Dr Rowan William's attack came on the back of a major two-day dialogue between Muslim and Christian leaders held at the University of Cambridge this week. The meeting marked one year since 138 Muslim leaders and scholars sent the 'A Common Word Between Us and You' letter to the Pope and other Christian leaders, warning that world peace depended on Muslims and Christians being able to make peace with one another.
When asked what he thought was behind the current economic turmoil, the Archbishop joked: "I was going to suggest Satan."
He continued: "Clearly as religious leaders we want to say that the root problem is human greed which is not specific to any one nation or even to the governing class or any one religion."
The leaders concluded their closed door meetings with a communiqué in which they called for a "more equitable global economic system that also respects our role as stewards of the earth's resources".
Dr Williams went further on Wednesday by suggesting that Christians and Muslims come together to explore a more just financial system with reasonable rates of interest - Islam forbids Muslims to charge interest.
"I would like very much to see a dialogue developing with Islam about this question of what a just, a reasonable rate of interest might look like in the light of a religious ethic but this is work, reflection, very much in its infancy to put it mildly," he said.
In the communiqué, the leaders urged people to live out the principles of "love God" and "love your neighbour" in the midst of the financial crisis.
"When a crisis of this magnitude occurs, we are all tempted to think solely of ourselves and our families and ignore the treatment of minorities and the less fortunate," they said.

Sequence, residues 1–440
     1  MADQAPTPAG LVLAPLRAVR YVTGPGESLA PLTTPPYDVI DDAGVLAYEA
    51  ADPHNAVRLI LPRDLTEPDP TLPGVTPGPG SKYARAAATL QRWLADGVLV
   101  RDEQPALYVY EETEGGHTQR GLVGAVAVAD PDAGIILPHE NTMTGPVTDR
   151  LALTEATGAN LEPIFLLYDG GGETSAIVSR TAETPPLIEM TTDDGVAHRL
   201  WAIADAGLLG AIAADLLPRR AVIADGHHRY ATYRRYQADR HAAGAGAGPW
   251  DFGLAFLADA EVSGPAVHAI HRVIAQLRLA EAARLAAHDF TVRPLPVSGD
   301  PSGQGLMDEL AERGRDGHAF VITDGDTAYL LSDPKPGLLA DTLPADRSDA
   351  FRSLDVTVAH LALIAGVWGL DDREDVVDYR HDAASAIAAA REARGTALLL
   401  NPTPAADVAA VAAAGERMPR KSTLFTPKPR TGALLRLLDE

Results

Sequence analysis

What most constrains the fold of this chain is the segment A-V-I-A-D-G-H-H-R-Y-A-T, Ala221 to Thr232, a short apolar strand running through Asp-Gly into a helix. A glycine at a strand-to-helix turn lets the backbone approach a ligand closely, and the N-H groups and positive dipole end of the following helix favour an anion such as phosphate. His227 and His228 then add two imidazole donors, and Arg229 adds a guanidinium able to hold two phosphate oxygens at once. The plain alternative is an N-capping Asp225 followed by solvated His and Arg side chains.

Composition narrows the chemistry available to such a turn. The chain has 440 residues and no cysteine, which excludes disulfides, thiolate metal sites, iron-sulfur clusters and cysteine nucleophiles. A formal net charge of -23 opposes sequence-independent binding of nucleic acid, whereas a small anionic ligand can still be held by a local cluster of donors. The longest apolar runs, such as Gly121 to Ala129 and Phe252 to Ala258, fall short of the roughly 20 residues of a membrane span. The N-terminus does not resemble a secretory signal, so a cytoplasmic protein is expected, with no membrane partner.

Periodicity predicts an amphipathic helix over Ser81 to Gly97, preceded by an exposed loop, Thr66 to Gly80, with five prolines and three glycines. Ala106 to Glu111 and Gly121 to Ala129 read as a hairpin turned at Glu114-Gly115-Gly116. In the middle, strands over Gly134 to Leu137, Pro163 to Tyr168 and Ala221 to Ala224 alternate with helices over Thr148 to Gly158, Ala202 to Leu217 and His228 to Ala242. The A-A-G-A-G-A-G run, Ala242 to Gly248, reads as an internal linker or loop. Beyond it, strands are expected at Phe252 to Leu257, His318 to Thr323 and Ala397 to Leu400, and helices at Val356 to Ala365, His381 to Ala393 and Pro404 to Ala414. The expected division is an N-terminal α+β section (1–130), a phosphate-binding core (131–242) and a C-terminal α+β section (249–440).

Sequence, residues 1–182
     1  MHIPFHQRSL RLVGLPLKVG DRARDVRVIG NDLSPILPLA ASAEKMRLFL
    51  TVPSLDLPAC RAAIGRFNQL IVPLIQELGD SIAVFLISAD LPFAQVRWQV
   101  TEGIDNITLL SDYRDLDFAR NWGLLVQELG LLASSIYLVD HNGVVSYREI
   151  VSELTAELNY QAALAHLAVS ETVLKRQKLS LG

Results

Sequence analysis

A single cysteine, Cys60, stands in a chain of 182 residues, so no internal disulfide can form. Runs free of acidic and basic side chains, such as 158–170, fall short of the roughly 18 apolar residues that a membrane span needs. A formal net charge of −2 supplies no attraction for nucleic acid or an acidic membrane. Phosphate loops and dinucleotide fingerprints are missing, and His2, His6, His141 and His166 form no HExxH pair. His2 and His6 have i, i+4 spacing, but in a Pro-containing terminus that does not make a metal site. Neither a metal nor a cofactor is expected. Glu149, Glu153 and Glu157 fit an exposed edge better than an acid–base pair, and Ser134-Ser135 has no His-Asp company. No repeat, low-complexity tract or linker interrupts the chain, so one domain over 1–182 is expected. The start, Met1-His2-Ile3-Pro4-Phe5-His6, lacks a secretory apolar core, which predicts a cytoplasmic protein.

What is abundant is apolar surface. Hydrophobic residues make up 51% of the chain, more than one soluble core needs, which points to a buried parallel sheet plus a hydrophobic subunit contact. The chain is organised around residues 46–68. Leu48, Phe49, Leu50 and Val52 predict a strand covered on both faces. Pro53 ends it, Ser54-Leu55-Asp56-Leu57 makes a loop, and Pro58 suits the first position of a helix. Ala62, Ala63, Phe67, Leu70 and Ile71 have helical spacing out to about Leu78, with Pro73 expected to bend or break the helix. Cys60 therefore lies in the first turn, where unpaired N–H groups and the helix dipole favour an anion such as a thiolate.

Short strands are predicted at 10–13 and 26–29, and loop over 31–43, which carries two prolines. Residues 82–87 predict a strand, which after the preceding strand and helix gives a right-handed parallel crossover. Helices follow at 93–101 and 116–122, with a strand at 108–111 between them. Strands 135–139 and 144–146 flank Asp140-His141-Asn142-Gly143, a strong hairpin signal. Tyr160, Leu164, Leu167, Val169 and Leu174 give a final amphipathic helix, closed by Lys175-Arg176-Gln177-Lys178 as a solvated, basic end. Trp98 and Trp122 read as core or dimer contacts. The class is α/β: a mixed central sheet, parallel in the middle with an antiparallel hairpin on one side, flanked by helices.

"We believe that the divine commandment to love our neighbour should prompt all people to act with compassion towards others, to fulfil their duty of helping to alleviate misery and hardship.
"It is out of an understanding of shared values that we urge world leaders and our faithful everywhere to act together to ensure that the burden of this financial crisis, and also the global environmental crisis, does not fall unevenly on the weak and the poor."
They also expressed their alarm at the escalation of attacks on the Christian minority in Mosul, northern Iraq in recent weeks, where one Iraqi official said that the number of Christian families leaving the city since last week had reached 1,390 - more than 8,300 people - according to the Associated Press.
The Christian and Muslim leaders added in their communiqué, "These threats undermine the centuries-old tradition of local Muslims protecting and nourishing the Christian community, and must stop.
"We are profoundly conscious of the terrible suffering enduring by Iraqi people of every creed in recent years and wish to express our solidarity with them."